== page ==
Male gobies of the genus Bathygobius are coniferous during courtship. The mechanism by which the sounds are produced is, however, unknown. Early studies on sound production by males of B. soparator suggested that these sounds are hydrodynamic in nature, being produced by the forcible ejection of water through the gill opening. The mechanism of sound production by the closely related species B. curacao was investigated and three lines of evidence are presented which support the hydrodynamic hypothesis. First, similarities between the sounds produced by courting males and by ejecting water through a pipette demonstrated that hydrodynamic forces nark readily produce such sounds. Second, the behavioural motor patterns occurring during sound production are consistent with the hypothesis that water is being ejected through the gill openings. Finally, morphological examination revealed an apparent lack of specialized features associated with sound production, effectively eliminating stridulating and swim bladder mechanisms. These results represent the strongest evidence to date in support of any proposed mechanism of sound production in tile gobiids.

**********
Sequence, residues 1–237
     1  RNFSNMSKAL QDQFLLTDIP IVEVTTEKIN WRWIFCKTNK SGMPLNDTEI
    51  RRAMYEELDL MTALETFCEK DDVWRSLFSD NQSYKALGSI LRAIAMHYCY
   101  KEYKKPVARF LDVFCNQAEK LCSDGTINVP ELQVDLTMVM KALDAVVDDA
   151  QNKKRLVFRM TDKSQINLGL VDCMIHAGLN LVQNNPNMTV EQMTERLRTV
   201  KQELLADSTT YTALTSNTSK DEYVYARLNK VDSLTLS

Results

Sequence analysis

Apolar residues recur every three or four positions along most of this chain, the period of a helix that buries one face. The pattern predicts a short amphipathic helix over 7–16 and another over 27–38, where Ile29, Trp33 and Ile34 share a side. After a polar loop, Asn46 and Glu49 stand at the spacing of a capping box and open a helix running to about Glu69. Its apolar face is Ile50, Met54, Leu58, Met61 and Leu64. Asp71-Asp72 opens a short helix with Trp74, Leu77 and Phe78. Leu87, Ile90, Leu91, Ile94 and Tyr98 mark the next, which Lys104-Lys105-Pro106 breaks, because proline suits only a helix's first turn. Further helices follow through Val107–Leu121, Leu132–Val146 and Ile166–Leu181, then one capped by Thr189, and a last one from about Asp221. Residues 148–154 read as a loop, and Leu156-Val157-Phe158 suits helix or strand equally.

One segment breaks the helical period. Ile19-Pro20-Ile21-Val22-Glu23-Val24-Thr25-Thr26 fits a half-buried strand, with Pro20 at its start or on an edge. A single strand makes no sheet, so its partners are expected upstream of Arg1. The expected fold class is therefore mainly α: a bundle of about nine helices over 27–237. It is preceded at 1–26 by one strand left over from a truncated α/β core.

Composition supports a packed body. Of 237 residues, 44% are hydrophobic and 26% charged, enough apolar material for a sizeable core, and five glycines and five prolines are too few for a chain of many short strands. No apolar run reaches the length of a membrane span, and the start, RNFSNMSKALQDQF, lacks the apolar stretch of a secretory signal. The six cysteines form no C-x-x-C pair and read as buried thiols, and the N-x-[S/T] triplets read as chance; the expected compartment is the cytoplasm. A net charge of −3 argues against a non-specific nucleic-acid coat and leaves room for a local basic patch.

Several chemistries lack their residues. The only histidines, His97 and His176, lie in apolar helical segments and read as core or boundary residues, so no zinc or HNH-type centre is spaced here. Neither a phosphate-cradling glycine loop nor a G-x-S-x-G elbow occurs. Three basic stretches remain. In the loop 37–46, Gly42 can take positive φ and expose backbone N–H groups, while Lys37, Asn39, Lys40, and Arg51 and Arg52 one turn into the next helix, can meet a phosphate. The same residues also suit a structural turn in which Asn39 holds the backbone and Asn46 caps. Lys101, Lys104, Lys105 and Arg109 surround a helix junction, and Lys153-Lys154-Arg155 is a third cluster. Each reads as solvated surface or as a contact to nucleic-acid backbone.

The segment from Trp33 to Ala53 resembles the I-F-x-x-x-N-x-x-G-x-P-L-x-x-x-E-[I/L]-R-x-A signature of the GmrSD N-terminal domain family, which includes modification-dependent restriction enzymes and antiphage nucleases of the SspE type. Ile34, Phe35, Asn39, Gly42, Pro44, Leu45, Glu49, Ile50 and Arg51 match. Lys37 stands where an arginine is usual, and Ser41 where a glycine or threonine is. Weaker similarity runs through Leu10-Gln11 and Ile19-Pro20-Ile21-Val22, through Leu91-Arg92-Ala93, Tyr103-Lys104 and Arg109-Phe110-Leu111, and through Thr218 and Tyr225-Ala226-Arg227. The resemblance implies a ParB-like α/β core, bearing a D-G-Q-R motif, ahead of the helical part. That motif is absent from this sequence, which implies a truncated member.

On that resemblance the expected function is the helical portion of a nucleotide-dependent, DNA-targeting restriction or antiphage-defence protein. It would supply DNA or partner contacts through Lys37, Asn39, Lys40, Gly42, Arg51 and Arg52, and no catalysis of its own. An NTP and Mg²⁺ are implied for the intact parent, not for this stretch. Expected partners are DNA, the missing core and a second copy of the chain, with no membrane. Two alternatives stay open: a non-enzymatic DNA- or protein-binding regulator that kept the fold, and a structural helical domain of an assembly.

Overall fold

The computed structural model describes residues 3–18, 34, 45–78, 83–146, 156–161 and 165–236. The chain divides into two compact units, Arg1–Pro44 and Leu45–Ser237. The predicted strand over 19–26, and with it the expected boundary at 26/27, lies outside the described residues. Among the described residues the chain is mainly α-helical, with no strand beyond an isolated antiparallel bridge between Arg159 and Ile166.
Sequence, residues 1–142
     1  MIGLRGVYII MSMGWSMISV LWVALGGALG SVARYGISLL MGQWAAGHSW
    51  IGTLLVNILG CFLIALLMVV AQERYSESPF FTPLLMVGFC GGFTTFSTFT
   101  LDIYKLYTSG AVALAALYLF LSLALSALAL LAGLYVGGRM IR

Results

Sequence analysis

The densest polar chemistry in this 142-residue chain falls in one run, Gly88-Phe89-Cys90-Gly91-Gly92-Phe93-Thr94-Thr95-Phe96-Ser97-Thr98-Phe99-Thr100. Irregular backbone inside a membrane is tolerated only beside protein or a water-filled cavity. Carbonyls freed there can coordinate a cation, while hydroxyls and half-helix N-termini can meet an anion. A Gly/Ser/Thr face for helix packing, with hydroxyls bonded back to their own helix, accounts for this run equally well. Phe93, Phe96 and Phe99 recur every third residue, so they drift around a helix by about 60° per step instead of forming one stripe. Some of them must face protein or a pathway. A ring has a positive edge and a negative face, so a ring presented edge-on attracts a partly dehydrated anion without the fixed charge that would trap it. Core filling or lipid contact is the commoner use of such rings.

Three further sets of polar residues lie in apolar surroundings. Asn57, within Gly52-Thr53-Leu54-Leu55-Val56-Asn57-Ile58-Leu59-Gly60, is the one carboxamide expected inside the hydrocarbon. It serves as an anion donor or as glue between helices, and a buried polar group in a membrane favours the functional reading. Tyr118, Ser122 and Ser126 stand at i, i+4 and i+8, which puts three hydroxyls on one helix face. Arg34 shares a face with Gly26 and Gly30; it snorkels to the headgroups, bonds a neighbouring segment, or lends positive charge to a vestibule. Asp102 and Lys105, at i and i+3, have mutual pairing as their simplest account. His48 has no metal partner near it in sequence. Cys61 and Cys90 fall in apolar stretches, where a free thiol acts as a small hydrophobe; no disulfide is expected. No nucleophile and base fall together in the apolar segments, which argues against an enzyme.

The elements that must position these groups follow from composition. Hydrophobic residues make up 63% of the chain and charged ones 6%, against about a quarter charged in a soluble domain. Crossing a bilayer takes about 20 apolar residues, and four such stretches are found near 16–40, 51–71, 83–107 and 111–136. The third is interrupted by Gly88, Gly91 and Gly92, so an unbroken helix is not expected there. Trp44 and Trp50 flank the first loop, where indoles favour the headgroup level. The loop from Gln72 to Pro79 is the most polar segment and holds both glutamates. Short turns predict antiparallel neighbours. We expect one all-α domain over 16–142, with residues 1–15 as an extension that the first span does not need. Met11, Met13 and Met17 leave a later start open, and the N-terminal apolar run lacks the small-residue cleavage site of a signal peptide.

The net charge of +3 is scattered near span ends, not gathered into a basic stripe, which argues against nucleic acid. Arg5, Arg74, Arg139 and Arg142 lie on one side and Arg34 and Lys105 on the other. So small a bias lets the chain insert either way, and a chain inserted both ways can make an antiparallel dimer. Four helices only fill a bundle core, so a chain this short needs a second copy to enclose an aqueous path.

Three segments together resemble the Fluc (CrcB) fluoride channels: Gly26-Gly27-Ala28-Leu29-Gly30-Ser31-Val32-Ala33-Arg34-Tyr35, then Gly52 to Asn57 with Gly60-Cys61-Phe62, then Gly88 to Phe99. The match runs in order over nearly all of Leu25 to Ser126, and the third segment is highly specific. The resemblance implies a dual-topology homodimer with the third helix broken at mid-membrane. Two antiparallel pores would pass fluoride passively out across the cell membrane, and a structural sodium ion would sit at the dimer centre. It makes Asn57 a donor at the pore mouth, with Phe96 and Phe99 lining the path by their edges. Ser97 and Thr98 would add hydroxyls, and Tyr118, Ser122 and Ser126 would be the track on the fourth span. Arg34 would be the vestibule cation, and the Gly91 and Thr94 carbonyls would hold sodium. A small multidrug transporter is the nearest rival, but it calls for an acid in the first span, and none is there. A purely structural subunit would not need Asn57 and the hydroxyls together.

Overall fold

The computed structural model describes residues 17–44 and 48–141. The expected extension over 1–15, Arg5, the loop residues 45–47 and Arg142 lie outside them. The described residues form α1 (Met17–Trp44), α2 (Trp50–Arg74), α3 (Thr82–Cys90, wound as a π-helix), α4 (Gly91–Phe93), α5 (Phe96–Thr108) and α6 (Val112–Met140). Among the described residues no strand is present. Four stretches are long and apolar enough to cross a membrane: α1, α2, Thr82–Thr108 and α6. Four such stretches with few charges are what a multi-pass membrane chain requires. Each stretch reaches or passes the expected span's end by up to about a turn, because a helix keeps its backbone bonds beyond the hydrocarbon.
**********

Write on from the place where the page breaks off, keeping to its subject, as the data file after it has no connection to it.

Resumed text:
Bathygobius curacao, sound production, hydrodynamic.